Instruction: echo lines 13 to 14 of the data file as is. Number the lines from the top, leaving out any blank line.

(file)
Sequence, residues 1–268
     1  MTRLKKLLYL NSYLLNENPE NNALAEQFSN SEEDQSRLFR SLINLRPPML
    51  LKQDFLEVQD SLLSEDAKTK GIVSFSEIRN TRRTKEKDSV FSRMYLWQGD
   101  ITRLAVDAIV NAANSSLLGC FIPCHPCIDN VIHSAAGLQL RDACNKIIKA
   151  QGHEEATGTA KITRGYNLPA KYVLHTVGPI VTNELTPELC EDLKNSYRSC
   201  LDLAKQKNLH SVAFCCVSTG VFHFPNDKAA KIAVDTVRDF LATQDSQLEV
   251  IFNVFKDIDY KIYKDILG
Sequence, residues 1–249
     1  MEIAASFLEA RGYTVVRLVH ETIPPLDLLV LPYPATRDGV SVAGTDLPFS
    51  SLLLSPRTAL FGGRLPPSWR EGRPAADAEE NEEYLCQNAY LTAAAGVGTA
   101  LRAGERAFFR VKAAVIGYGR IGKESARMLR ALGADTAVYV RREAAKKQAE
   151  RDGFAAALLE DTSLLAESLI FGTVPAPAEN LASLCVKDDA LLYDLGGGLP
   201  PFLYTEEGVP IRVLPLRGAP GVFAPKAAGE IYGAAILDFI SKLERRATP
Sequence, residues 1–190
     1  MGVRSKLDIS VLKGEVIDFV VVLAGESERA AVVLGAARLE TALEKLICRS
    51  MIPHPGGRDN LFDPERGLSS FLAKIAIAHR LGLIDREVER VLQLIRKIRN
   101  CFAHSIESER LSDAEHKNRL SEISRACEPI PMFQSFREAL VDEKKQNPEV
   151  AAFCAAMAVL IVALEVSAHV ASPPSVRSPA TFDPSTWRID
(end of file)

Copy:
   201  PFLYTEEGVP IRVLPLRGAP GVFAPKAAGE IYGAAILDFI SKLERRATP
Sequence, residues 1–190